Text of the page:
Risks and uncertainty are currently on the rise. Another global wave of COVID-19 is upon us. Central banks appear to be turning hawkish in the face of persistent inflation pressure. But we still see reason to believe the global expansion will stay on track.
Consumer demand remains healthy. Corporate health appears strong and we anticipate solid fundamentals and profit growth in 2022. Wage growth will likely draw participants back into the workforce, improving labour market health. On balance, we think risk assets could offer opportunity in 2022 as long as investors can stomach potential volatility.
Inflation could remain above central bank target ranges for most of 2022.
Inflation will likely govern the magnitude of central bank tightening next year.
- We believe cyclical forces and COVID-19-related distortions will help keep inflation elevated through the next four quarters while employment indicators continue to improve.
- In our view, supply chain disruptions are largely a function of demand for goods exceeding supply. We expect supply and demand to balance out later in 2022, which should lead to a moderation in goods prices.
- Companies will likely keep hiring and ramping up production to build back depleted inventories. We think demand for labour will remain elevated and we expect wage growth to run near 4.0%, hotter than the levels seen after the global financial crisis.
- Rising wages can lead to increased demand for goods, which can become a self-perpetuating cycle. However, we feel that relationship is unlikely to gain traction near term because wage growth in real terms is still negative. In other words, nominal wage gains have not kept pace with consumer price inflation.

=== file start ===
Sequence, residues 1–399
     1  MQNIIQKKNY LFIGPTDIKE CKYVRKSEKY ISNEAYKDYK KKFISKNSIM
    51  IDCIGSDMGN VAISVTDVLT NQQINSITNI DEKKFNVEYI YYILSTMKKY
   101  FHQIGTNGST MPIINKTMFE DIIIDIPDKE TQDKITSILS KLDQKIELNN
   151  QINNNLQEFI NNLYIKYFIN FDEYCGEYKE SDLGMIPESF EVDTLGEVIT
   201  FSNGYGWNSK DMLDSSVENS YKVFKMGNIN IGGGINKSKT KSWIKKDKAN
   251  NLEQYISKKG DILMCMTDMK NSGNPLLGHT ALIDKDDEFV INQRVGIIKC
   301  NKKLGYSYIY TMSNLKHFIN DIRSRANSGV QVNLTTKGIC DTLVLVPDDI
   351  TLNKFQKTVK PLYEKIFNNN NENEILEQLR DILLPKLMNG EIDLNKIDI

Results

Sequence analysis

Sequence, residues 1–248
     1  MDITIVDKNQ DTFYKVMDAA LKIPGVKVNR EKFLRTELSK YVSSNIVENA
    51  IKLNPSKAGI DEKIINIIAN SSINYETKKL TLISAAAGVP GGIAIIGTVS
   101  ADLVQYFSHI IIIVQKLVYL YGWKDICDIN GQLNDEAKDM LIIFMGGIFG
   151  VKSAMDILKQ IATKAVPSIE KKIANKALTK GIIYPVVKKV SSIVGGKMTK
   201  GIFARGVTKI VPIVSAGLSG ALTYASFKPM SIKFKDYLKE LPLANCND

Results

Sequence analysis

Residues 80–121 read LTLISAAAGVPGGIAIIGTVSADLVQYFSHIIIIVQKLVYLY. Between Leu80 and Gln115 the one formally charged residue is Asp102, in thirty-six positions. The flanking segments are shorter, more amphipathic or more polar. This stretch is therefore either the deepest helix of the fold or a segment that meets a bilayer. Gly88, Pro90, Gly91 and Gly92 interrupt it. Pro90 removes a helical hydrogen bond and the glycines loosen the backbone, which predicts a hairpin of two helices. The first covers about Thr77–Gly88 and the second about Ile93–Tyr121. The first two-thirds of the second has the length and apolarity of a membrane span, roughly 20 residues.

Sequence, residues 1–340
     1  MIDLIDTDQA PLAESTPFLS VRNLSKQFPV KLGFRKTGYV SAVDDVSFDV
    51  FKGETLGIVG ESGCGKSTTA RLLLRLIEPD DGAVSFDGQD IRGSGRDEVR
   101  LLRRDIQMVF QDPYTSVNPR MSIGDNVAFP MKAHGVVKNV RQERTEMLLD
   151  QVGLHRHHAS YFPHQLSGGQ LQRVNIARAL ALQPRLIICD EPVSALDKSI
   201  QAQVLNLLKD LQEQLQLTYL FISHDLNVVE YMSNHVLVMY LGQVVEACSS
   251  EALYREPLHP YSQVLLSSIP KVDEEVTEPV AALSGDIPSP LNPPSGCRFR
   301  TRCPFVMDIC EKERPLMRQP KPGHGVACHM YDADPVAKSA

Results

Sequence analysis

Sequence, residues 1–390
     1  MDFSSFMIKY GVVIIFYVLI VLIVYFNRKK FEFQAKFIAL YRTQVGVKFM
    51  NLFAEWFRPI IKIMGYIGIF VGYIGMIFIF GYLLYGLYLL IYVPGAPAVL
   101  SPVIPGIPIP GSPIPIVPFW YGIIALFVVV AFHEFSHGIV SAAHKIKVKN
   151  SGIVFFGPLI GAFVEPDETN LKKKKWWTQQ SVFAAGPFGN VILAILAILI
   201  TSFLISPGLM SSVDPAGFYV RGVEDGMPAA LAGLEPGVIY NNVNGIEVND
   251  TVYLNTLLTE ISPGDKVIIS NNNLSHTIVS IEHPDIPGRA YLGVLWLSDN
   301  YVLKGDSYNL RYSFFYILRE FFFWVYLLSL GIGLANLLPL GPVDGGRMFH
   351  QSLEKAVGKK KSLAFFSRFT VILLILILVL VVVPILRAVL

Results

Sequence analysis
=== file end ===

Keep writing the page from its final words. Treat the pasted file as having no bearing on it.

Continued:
- When supply chain disruptions clear, we would expect core PCE1 to find a range between 2.0% and 2.5%.
We believe a solid growth outlook should withstand supply chain issues and tighter monetary policy.
The global expansion is likely to remain on track.
- Global growth forecasts (and US growth forecasts) could soften if COVID-19-related disruptions escalate during the winter season.
- It appears vaccines will remain effective in preventing hospitalizations and deaths due to the omicron variant. The variant’s spread appears likely to alter consumer behaviour, but we don’t anticipate material “demand destruction.”
- Demand for goods and services remains robust despite higher price levels. Companies have been able to effectively pass through higher input costs to end users. We expect this trend to continue, which should help support corporate profit margins.
- Our aggregate credit market outlook is bright. We expect more credit rating upgrades than downgrades.
- We believe central banks are unlikely to overtighten policy, which would help keep financial conditions from becoming too restrictive. The global economy could remain in the expansion phase of the credit cycle for a few years in such a regime.
Central banks have started to push back against elevated inflation.
Monetary policy will likely become less accommodative, but remain far from restrictive.
- Many economies have begun the transition from pandemic to endemic conditions. In our view, fiscal stimulus will not be an economic growth driver in 2022. In many countries, less fiscal stimulus could represent a drag on 2022 growth rates.
- The global economy has made rapid progress through the current credit cycle. In our view, central banks are likely to follow suit, with a faster timeline for rate hikes compared to the last cycle.